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Pair jailed after grooming vulnerable people to create £730k fraud empire

Wolverhampton | News | Published:

A fraudster from the Black Country has been jailed, while another is wanted by police, after they groomed vulnerable people to create a £730,000 fraud empire.

Henry Ogunde, 33, and Marvin Campbell, 28, both from Bilston, approached people on the streets of the West Midlands, taking them for dinner and buying them clothes in order to gain their trust.

They then used the influenced 'money mules' to set up bank accounts, fake companies and move cash for them. If those they had groomed resisted they were often met with the threat of violence.

Those involved were offered up to £40,000 for their complicity but in reality at most, only received a few hundred pounds. Some of the people targeted for involvement included a KFC worker looking for extra cash, and a number of unemployed people living in social housing or with no fixed address.

The pair netted £730,000 of fraudulently obtained cash and goods in frauds that targeted major retailers and all levels of business as well as private individuals.

Campbell pleaded guilty to conspiracy to commit fraud, two counts of concealing, disguising, converting or transferring criminal property and possession of articles for the use in fraud.

Ogunde was found guilty of conspiracy to commit fraud, two counts of merchant services fraud, one count of money laundering and two counts of possession of documents for use in fraud.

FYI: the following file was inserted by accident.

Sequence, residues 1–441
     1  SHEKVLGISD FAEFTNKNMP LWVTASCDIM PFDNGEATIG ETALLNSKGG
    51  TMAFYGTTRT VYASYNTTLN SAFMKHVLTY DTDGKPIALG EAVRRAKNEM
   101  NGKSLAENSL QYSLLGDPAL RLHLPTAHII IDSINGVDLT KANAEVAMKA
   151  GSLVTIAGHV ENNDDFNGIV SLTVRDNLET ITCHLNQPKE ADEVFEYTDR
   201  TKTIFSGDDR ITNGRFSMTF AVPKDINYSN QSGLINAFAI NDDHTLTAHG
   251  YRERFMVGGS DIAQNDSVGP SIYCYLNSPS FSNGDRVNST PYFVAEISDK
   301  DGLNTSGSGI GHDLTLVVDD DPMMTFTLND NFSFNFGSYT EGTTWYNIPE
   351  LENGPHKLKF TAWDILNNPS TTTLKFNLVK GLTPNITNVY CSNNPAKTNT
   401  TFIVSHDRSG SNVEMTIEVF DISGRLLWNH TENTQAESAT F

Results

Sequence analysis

Last week the pair were jailed for a total of 14 years for the crimes.

Ogunde, of Goode Close, Bilston, was sentenced to five-and-a-half years. Campbell, of Willingworth Close, Bilston, who failed to appear at the sentencing, was jailed for eight-and-a-half years. A warrant has been issued for his arrest.

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One scheme involved sending fraudulent emails to companies and private individuals pretending to be existing suppliers or customers. The fraudsters then fostered these relationships eventually requesting the payment of cash into a money laundering account. They then used those they had recruited to withdraw and move the cash.

This type of fraud saw them take £154,000 in one transaction from a retired doctor looking to purchase a house, leaving him with his life savings gone at the age of 71.

In another case, the fraudsters bought high value goods from retailers such as Ikea and Dixons using fraudulently obtained credit card details, with the two ringleaders diverting the goods from their legitimate delivery addresses.

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